Arshile Gorky at Tate Modern yesterday afternoon. It was one of those trips where the walk there and back was more compelling than the exhibition. Gorky was highly derivative (down to his name, which he lifted from the Russian writer).
It was like seeing pastiches of Picasso, Léger, Miró, Cézanne and Kandinsky but by an artist with an inability to give his forms any dynamism and with no appreciation of colour. After the sixth or so room (he was productive, I'll give him that) you begin to wonder at how Gorky never quite manages to get his colours to work: they either boringly meander across the canvas or sit there being mildly objectionable, gloopily orange or snottily green. The two versions of 'The Artist and his Mother' (below) were good - but that's two paintings out of a hundred or more works. They seemed flukish - nothing else approached them.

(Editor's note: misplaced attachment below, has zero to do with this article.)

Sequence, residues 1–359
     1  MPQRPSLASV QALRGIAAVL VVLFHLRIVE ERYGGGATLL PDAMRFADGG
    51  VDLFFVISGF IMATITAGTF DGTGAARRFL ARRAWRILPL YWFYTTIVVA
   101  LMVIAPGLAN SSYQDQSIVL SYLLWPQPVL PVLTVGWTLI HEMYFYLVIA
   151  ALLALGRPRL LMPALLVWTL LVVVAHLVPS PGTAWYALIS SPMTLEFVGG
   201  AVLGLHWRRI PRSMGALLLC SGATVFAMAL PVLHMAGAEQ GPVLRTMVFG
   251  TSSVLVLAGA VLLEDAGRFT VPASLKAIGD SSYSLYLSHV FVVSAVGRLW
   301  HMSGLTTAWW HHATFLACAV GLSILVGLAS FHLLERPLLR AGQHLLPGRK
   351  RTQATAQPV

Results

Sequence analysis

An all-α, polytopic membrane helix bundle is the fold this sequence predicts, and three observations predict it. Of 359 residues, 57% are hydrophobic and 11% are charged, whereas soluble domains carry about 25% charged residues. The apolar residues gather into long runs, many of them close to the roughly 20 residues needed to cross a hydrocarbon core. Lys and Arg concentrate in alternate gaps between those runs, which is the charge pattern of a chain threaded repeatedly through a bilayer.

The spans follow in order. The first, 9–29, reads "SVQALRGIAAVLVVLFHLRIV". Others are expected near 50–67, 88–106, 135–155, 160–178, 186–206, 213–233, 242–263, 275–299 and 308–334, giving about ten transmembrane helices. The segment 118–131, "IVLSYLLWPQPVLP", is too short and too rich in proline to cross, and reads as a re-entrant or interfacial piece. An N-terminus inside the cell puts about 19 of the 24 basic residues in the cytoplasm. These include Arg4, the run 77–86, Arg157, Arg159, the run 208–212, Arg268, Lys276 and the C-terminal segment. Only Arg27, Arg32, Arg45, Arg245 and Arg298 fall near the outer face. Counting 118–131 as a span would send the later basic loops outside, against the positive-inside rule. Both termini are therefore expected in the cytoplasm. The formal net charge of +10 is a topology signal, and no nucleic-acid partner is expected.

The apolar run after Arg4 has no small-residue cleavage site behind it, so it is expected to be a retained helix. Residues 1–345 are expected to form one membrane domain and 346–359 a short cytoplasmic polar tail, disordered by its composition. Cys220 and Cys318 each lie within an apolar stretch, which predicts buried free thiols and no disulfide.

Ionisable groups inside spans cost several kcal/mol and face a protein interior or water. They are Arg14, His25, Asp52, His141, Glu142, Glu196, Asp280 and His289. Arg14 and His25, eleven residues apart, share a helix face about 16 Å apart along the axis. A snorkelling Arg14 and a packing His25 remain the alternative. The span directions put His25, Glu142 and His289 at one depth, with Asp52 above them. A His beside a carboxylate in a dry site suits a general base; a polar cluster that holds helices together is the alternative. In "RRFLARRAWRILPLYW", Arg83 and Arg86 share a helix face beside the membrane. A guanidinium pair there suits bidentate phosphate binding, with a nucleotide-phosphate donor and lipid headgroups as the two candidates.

The brochure describes his work as a 'pivot' between European high modernism and American abstract expressionism. To me he looked more like the last gasp of an American provincialism that was capable of picking up a third-rate émigré pasticheur and hailing him as a notable modernist painter (the fact that he was apparently mistaken as a relative of the writer Gorky says a lot: Gorky wasn't Maxim's family name - it was a nom de plume meaning 'bitter' in Russian. And Maxim wasn't his first name either but that's by-the-by).
I'm at a loss to explain why the curators at Tate Modern have made such a fuss over him. He died over sixty years ago and I thought time was supposed to sort these things out. The owl of Minerva has obviously been unavoidably detained. Anyway, thank God for Jackson Pollock.